A very long chapter is ending, all is now fixed and developed properly, and the final product is finally here, not only ready for production including enclosure design, pcb and assembly, testing, accessories, packaging and shipping, but already deployed worldwide. For a one man, this was a lot to do.
The Hackaday Prize was a fierce competition and uRADMonitor was among the few titles that already had a presence on the market, proving its matureness as an additional one step further over the already complex hardware and software, an important thing in developing a “best product”, an attribute that uRADMonitor project earned not by a title or prize, but the hard way.
10/29/2015 at 23:43 •
The BME680 is an integrated environmental sensor developed specifically for mobile applications and wearables, where size and low power consumption are key requirements (source). While not yet available on the market, several BME680 samples have been provided under NDA to assist the development of the uRADMonitor-D project and support the monitor’s air quality assertion. The part of the uRADMonitor-D code handling this new sensor is currently under development , but the first tests have shown promising results:
The gas sensor within the BME680 can detect a broad range of gases to measure indoor air quality for personal well being. Gases that can be detected by the BME680 include: Volatile Organic Compounds (VOC) from paints (such as formaldehyde), lacquers, paint strippers, cleaning supplies, furnishings, office equipment, glues, adhesives and alcohol.
The humidity sensor features a best-in-class response time supporting performance requirements for emerging applications such as context awareness, and high accuracy over a wide temperature range.
The pressure sensor is an absolute barometric pres- sure sensor featuring exceptionally high accuracy and resolution at very low noise.
The integrated temperature sensor has been optimized for very low noise and high resolution. It is primarily used for temperature compensation of the gas, pressure and humidity sensors, and can also be used for estima- ting ambient temperature.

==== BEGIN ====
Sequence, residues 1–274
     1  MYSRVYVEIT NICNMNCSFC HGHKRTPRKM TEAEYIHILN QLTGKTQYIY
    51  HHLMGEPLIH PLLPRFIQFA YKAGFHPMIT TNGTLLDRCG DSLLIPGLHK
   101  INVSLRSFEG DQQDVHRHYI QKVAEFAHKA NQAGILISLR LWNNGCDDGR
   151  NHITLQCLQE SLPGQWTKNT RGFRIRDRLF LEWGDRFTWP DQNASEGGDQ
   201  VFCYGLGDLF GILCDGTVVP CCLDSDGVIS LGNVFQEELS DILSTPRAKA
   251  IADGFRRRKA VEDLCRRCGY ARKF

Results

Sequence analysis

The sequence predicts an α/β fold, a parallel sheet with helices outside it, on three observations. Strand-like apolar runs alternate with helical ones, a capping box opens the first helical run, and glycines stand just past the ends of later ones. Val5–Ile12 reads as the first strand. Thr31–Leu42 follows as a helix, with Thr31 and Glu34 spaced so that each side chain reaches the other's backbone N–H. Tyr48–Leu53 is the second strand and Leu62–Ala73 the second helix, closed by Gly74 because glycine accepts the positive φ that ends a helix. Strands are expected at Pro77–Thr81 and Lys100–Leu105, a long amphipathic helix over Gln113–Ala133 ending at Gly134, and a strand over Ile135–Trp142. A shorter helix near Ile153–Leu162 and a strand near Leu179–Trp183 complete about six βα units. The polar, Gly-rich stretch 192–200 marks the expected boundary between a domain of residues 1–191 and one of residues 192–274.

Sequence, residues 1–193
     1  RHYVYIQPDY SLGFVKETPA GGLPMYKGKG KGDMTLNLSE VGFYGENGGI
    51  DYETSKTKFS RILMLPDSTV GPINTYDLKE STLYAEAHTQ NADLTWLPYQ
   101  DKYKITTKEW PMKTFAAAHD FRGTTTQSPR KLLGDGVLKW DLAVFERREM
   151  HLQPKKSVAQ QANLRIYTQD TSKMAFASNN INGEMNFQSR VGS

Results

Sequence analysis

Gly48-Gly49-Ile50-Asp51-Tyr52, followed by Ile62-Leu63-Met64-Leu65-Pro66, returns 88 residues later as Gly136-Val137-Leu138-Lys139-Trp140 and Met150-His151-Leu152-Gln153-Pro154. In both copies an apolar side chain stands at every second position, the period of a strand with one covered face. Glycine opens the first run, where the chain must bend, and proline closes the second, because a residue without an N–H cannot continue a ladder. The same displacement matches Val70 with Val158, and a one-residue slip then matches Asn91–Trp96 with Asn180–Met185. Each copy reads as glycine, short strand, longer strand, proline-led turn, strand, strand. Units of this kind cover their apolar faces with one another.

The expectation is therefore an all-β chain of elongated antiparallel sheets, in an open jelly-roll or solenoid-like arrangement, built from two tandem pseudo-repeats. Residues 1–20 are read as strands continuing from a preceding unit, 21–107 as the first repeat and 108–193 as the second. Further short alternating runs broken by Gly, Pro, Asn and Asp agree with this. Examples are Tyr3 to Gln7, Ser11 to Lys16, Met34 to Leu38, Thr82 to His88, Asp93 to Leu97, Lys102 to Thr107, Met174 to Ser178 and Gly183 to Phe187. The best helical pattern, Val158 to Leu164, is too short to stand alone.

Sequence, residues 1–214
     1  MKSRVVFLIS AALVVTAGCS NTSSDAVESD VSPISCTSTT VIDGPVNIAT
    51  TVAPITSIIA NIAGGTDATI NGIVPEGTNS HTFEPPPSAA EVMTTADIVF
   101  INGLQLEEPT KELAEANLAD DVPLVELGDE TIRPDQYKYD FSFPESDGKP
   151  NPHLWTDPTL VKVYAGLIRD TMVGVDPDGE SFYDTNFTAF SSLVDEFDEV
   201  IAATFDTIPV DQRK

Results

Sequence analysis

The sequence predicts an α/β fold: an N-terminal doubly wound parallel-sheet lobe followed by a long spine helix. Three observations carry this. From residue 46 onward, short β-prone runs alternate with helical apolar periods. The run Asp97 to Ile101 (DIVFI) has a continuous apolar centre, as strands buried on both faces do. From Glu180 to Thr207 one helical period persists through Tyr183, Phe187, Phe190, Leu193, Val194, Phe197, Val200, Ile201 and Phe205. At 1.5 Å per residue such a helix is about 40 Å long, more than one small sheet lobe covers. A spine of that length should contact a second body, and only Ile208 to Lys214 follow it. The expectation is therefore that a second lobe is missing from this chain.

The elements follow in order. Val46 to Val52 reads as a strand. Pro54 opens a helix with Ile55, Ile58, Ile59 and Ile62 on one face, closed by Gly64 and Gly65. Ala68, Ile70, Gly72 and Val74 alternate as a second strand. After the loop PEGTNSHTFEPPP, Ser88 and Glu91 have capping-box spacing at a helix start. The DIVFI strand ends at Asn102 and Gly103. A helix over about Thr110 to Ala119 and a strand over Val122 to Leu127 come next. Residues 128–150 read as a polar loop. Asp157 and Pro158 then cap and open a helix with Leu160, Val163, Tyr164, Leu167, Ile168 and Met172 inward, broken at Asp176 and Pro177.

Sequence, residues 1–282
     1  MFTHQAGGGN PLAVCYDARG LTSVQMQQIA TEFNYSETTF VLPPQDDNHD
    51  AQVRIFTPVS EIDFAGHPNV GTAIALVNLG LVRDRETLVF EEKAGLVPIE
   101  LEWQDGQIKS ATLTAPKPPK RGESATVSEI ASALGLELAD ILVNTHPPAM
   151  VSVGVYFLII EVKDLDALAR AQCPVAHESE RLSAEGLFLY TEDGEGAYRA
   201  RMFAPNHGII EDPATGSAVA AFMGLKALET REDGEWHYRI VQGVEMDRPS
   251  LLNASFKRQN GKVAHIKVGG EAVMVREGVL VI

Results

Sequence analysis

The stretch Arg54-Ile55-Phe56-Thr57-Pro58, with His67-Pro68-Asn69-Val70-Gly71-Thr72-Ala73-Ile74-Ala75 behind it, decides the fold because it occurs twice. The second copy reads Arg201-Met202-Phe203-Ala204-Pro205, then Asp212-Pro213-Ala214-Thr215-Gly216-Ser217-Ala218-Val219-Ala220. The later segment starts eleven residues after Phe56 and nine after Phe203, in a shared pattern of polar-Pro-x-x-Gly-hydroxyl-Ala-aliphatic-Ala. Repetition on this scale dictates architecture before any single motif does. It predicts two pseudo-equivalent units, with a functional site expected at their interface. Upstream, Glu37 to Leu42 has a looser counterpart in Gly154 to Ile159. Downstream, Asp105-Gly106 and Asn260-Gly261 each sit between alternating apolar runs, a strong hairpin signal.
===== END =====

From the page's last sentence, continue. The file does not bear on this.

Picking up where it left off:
The BME680 comes fully calibrated for all sensor components. Its impressive features make it a great addition to the uRADMonitor-D line of products to improve the performance of the portable environmental monitors even further.
10/21/2015 at 21:55 •
The Regional Innovation Fair 2015 aims to promote innovative technologies and solutions and brings together business and research professionals allowing you to open new business channels, exchange contacts and discuss potential cooperation in West Region, Romania. uRADMonitor is honoured to take the first prize, and is committed to continue delivering monitoring solutions, to track pollutions and help improve the quality of our environment.
Thank you to the judges for giving us their vote and trust and to ADR Vest, Tehimpuls Timisoara, Innovation Norway and UniCredit Bank for making this event possible.
10/10/2015 at 10:47 •
The portable environmental monitor is finalist in both categories of the Hackaday Project, Best Product and the GrandPrize but the development doesn’t stop here. We’ve managed to put together a complex piece of equipment that also has an appealing design. One thing missing was a proper bezel to protect the LCD and to hide the bottom connector. A custom 3D-printed component by Ovidiu, the designer of Lighty, did the trick and now uRadMonitor looks more professional than ever.More pictures are available on the uRADMonitor FB page
The plastic component was first designed in 3D, very much like with the rugged aluminium enclosures. And for part itself, a full metal Delta printer did the rest:
09/26/2015 at 20:44 •
The portable environmental monitor fights to solve one of mankind’s greatest problem: pollution. As it tries to improve the life of a large number of people, the uRADMonitor-D was featured on TV, and so the Hackaday project was broadcasted to the national audience in Romania.